Great saphenous vein diameter at the saphenofemoral junction and proximal thigh as parameters of venous disease class.Eur J Vasc Endovasc Surg. 2013 Jan; 45(1):76-83.EJ
Great saphenous vein (GSV) incompetence is involved in the majority of cases of varicose disease. Standardised pre-interventional assessment is required to analyse the relative merit of treatment modalities. We weighed GSV diameter measurement at the sapheno-femoral junction (SFJ) against measurement at the proximal thigh 15 cm distal to the groin (PT), established a conversion factor and applied it to selected literature data.
Legs with untreated isolated GSV reflux and varices limited to its territory and control legs were studied clinically, with duplex ultrasound and photoplethysmography. GSV diameters were measured at both the SFJ and the PT. A conversion factor was calculated and used to compare published data.
Of 182 legs, 60 had no GSV reflux (controls; group I), 51 had above-knee GSV reflux only (group II) and 71 had GSV reflux above and below knee (group III). GSV diameters in group I measured 7.5 mm (± 1.8) at the SFJ and 3.7 mm (± 0.9) at the PT. In groups II and III, they measured 10.9 mm (± 3.9) at the SFJ and 6.3 mm (± 1.9) at the PT (p < 0.001 each). Measurement at the PT revealed higher sensitivity and specificity to predict reflux and clinical class. Good correlation between sites of measurement (r = 0.77) allowed a conversion factor (SFJ = 1.767 * PT, PT = 0.566*SFJ) to be applied to pre-interventional data of published studies.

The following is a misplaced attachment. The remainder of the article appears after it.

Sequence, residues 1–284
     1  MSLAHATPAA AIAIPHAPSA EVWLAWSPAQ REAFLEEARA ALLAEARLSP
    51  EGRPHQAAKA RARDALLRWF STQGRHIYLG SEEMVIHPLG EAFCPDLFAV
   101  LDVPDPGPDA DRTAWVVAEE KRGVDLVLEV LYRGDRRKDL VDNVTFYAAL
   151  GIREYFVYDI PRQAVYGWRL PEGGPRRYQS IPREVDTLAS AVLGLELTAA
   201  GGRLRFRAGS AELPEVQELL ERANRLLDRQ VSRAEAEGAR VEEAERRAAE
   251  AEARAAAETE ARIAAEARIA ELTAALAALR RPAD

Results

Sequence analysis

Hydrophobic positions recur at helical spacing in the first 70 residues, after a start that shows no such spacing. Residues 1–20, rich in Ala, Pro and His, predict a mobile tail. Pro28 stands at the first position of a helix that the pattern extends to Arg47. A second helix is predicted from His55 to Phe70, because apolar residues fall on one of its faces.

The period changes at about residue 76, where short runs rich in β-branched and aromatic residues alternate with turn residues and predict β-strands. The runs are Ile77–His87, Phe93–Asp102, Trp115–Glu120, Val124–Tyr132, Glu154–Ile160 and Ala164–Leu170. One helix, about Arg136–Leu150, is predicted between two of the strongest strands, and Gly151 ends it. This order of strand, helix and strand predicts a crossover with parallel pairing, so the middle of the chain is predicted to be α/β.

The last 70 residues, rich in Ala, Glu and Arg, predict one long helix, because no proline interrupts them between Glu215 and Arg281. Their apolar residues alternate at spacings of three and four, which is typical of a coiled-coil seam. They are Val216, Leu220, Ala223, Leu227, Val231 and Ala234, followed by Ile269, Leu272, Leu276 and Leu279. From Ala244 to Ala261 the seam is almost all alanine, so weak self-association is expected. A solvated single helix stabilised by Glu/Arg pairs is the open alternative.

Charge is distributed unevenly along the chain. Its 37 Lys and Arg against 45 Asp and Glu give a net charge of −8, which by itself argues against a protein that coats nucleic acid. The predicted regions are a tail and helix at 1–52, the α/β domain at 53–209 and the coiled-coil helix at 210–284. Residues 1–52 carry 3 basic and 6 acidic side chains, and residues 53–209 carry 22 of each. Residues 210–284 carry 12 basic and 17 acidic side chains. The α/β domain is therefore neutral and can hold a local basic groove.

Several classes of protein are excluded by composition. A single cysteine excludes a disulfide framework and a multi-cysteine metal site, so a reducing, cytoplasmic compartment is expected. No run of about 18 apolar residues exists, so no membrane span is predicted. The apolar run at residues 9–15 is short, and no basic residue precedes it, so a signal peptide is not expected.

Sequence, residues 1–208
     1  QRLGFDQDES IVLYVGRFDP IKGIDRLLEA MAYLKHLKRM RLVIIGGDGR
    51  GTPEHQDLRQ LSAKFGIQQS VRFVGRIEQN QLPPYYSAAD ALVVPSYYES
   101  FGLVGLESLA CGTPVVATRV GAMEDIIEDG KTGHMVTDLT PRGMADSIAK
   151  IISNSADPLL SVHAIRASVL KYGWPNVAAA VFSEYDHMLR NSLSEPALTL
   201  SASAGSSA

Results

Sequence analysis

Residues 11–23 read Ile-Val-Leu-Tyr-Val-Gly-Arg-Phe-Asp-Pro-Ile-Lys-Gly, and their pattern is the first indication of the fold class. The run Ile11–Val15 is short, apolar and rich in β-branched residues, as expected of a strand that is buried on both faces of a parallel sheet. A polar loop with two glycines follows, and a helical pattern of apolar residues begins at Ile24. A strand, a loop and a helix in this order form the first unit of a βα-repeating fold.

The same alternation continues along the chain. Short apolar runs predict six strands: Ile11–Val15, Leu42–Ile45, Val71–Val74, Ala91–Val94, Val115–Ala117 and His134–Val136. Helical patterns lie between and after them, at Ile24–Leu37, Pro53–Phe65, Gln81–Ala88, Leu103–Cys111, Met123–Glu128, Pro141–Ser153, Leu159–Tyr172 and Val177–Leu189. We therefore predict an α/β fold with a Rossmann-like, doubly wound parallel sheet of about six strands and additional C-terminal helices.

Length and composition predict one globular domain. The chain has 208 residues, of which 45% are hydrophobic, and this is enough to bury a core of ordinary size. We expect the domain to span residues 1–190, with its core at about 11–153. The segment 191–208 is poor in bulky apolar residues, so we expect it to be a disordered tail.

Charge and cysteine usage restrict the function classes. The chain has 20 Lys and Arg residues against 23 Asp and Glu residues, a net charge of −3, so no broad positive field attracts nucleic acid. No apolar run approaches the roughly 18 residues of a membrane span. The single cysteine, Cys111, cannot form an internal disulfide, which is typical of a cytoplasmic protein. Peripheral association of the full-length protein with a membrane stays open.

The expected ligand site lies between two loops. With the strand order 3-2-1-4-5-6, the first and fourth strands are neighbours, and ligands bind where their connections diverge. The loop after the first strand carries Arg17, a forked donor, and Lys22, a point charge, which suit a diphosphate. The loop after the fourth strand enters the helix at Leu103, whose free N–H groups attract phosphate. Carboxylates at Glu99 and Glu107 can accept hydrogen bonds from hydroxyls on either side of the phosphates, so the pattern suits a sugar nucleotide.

GSV diameter correlates with clinical class, measurement at the PT being more sensitive and more specific than measurement at the SFJ. Applying the conversion factor to published data suggests that some studies included patients with minor disease.